Posts Tagged ‘Mossman Gorge’

Great Barrier Reef and Cape Tribulation with family

Saturday, June 26th, 2010

We had the pleasure of having Helene and Yesica, sister in law and niece, from France, spending a few days with us last week. As Helene said, their visit was short but memorable.

We couldn’t let them visit us without showing them one of our gems, the Great Barrier Reef so we booked with one of the many Great Barrier Reef cruises available and off we went. The trip to the reef was a bit rough but we all got there safe and sound. Little Nicholas was the one who probably enjoyed the trip most, with so much motion, he spent most of the trip happily asleep.

Three of us decided to go diving and only one wasn’t brave enough, sorry, wasn’t in the mood, for diving, so he went snorkelling. Can you guess who??????

The day was beautiful, we had a great time and the French girls were extremely impressed with the corals.

And the day after we took off again, this time to visit Port Douglas, Cape Tribulation and the Daintree Forest. By the way, did you know that we help to save the Daintree Rainforest? Every month, Cairns Unlimited buys back five square metres of Daintree Rainforest.

Port Douglas was only a short stop to have breakfast in our favourite cafe, although this time we were all a bit dissapointed with the food, which had been fabulous before. The markets were on, so Steve, Nicholas, Helene and Yesi went to have a bit of a walk while I just waited for them sitting on a bench. I had taken some car sickness pill which hadn’t agreed with me and I was feeling a bit “drunk”. I even had to make my way to the car on my own, since I was falling asleep on the bench and I was a bit embarrased about it. I sent Steve a text to let them know where I was going, and when he showed it to me, it didn’t make any sense at all.

But I felt much better after the delicious hand made ice cream that we had at Floravilla. The flavours were all very exotic. Steve went for the Chilli Chocolate and I tried the Goji Berry with Rainforest Honey Yoghurt. I cannot remember what the girls had, but they were also very excited about them.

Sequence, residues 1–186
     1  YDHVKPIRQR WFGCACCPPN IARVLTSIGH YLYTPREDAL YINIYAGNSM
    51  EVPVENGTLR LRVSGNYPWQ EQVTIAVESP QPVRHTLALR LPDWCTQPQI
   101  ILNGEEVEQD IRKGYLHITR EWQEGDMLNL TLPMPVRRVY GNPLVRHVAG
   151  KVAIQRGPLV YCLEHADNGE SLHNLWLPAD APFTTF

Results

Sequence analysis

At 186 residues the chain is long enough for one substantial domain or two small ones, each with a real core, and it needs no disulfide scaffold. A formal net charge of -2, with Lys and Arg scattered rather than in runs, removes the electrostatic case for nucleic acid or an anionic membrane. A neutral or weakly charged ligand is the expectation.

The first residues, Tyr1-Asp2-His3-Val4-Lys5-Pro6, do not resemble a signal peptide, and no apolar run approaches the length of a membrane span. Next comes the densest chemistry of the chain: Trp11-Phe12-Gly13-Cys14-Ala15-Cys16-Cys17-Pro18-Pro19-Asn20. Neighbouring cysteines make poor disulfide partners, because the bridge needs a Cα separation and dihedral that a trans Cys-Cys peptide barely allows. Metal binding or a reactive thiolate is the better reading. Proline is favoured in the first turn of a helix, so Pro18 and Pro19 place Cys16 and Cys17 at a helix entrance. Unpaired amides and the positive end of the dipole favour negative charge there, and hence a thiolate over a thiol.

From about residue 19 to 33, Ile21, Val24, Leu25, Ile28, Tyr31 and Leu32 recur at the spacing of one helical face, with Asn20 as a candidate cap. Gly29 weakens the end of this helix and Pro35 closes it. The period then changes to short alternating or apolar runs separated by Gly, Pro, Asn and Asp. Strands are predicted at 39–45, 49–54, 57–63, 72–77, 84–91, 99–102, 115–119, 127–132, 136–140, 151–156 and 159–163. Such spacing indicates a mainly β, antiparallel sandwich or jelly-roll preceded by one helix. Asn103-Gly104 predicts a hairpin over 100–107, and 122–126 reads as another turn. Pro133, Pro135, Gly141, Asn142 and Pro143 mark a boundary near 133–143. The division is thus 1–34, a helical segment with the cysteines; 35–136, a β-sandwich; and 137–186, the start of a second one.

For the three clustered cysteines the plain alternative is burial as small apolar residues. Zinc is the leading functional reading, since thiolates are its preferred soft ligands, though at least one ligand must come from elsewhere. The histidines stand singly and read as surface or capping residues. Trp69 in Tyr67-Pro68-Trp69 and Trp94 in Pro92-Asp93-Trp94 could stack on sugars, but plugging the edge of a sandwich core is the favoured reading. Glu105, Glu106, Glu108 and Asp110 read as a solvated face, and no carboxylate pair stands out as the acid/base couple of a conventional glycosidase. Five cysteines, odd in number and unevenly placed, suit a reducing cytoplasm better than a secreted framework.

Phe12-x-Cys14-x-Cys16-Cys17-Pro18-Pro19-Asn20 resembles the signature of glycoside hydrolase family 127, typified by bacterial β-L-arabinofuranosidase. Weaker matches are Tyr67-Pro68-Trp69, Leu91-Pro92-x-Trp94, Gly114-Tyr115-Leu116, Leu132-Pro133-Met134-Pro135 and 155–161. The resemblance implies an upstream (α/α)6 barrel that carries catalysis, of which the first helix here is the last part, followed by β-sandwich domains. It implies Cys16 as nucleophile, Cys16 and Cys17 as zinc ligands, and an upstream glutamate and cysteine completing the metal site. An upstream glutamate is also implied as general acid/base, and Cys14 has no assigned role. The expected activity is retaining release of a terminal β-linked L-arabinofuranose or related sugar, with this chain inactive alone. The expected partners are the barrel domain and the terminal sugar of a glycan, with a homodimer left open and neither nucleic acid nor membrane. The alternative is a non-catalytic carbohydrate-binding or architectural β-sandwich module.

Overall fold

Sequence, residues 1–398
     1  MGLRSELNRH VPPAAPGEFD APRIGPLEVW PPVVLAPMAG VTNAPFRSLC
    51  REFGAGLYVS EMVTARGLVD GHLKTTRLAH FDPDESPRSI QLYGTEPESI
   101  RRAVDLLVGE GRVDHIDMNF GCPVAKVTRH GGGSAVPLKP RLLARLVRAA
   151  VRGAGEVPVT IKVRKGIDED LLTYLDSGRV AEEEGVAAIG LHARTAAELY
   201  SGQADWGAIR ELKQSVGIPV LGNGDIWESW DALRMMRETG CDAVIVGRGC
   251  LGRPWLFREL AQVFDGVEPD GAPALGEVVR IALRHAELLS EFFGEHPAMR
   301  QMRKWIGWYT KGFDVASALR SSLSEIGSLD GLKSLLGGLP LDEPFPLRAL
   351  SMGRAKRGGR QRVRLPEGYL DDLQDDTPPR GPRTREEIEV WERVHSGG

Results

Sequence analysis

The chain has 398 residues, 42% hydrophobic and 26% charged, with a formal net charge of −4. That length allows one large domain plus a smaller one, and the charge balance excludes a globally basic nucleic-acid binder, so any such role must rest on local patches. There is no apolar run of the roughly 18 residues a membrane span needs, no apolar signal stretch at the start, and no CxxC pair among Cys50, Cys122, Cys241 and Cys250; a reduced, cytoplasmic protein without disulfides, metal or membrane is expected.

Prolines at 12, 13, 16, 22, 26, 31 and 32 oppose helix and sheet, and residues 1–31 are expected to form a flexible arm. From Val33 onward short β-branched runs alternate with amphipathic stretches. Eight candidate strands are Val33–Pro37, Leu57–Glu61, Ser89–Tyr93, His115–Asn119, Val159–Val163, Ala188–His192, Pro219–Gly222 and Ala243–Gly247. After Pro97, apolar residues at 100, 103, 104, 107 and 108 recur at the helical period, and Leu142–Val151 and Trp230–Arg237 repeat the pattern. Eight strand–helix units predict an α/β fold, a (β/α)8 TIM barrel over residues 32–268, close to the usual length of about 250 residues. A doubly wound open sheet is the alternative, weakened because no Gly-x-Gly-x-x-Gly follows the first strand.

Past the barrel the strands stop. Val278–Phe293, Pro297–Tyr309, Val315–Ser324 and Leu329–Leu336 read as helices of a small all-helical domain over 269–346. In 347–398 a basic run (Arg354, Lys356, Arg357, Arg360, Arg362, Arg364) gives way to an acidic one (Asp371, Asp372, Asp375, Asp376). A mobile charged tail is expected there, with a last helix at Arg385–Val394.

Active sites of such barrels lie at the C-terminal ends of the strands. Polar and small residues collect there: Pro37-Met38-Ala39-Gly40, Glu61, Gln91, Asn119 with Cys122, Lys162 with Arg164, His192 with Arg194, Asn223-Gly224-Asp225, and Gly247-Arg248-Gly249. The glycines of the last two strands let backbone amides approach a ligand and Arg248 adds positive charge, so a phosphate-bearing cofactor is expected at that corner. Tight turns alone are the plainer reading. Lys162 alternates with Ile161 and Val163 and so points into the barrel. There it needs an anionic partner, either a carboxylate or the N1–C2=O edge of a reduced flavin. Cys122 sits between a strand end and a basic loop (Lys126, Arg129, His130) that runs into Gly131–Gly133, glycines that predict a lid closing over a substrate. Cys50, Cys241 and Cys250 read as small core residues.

We also had time to do a Daintree River Cruise aboard Solar Whisper, where we spotted a few crocodiles, snakes, frogs and birds. It is definetely one of the most beautiful places in the world.

It was already late afternoon by the time we made it to our accomodation in Cape Tribulation Cape Tribulation Beach House. We had two lovely cabins only a couple of minutes from the beach but, most importantly, from the bar. The girls and Steve, after a very early dinner, since we all forgot to each lunch, joined Mason’s Tours for a crocodile spotting night walk. And I, very happily, put the little one to sleep and went to bed as well at 8pm. I know, very very unSpanish but it felt like heaven.

The explorers had a good time although there was no croc to be spotted. However, they came back talking about cane toads, spiders, native mice, white tail rats, sleeping kingfishers, other birds, fish in the crystal clear bubbling brook, wood frogs and even fresh cassowary poo.

The plan for the morning after was to go jungle surfing but someone didn’t plan ahead and the tour was booked out. So instead, we started to make our own way back to Cairns, stopping at Mossman Gorge. There has been talks about a road being built in Mossman Gorge but when we got there we couldn’t see much happening. There are a few massive blocks of concrete which are the base for a boardwalk that will eventually go through the rainforest to the gorge. But up to day, everything is just as it was before and you still have to walk through the rainforest to get there. It was a cool and misty morning and we know that the water in Mossman Gorge is freezing. However, there were still a few brave people having a swin. None of us, though.